The availability of the complete genome sequence provides an important resource for international research efforts aimed at controlling the spread of Buruli ulcer. In this respect the research within our group is focused on:
- Using genome data to identify and characterize M. ulcerans specific antigens for use in the development of a rapid diagnostic tests and vaccine studies.
- Using genome data to identify potential determinants of virulence other than mycolactone.
- Developing systems for heterologous expression of mycolactone so that a reliable source of mycolactone
and derivatives is available for:
- determining the role of mycolactone in the bacterium
- establishing the relationship between mycolactone structure and function in the host
|Staphylococcus aureus still remains a dangerous human pathogen,
with the ability to cause a broad range of diseases, such as bacteremia, endocarditis, sepsis and
toxic shock syndrome. Over the last 20 years there has been an increasing incidence of both
hospital-acquired and community–acquired S. aureus infections. Treatment of these infections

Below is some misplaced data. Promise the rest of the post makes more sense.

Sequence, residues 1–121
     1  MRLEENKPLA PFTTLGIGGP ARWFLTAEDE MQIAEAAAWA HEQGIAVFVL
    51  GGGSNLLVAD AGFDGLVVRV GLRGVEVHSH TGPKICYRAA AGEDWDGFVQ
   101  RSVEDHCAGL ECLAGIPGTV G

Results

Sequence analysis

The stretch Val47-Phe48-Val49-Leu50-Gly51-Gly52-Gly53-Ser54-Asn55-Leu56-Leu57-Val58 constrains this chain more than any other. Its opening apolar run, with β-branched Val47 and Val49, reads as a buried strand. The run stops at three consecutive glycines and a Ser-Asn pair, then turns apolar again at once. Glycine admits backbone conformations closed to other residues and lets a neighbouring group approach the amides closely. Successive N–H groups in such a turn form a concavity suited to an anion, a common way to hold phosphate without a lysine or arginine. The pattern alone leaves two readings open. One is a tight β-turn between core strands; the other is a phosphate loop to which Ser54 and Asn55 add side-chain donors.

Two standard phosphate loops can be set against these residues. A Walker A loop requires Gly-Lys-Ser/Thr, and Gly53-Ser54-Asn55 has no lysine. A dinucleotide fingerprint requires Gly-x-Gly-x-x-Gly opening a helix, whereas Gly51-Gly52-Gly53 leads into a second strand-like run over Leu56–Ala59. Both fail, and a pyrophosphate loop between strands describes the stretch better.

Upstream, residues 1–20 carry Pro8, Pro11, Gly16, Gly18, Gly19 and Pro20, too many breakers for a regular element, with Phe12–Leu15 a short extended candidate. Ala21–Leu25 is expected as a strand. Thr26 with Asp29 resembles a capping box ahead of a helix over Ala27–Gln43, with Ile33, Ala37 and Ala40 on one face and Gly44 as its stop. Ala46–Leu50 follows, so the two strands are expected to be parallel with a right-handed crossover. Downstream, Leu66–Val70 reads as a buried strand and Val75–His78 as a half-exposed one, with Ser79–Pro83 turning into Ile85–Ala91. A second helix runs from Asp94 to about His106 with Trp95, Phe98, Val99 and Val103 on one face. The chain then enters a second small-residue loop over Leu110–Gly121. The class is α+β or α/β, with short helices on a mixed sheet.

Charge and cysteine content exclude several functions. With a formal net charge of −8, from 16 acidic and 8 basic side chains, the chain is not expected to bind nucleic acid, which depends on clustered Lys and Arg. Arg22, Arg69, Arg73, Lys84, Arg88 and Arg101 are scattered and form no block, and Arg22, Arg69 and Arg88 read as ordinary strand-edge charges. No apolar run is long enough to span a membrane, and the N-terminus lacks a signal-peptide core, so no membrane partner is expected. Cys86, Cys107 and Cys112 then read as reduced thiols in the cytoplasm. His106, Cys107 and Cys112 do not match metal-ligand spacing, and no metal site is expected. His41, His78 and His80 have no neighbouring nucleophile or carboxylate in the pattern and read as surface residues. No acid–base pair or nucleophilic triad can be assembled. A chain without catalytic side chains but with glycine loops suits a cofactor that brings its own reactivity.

has become more difficult due to the emergence of multidrug-resistant strains. In particular,
methicillin-resistant S. aureus (MRSA), which was once restricted to hospitals, is spreading
rapidly through the community. Furthermore, resistance to vancomycin, the primary drug used to treat
MRSA, has also recently emerged.
Our research into S. aureus pathogenesis focuses on using clinically relevant strains to investigate the molecular mechanisms behind the emergence of low-level vancomycin resistance in this organism. We also have an interest in investigating the host-pathogen implications of vancomycin resistance, and the role of the Panton-Valentine leukocidin (PVL) in the pathogenesis of Australian MRSA and methicillin-sensitive S. aureus isolates. The molecular mechanisms resulting in the formation of clinically significant small colony variant (SCV) S. aureus strains along with the associated activation of an important bacterial stress response, known as the stringent response, has also become a recent focus.
To achieve these aims we utilize a variety of molecular microbiology techniques including microarrays, whole genome sequencing, RNA sequencing (RNAseq), allelic exchange and protein function studies. Virulence studies using cellular invasion and persistence assays and the invertebrate S. aureus infection model Galleria mellonella are also used.
← Figure 3: Image taken from a heat map showing fold-changes in gene expression of VSSA compared with VISA.
Figure 4. Electron micrograph of vancomycin sensitive (upper) and vancomycin intermediate (lower) Staphylococcus aureus (VSSA and VISA, respectively), showing thickening of the cell wall in the resistant isolate.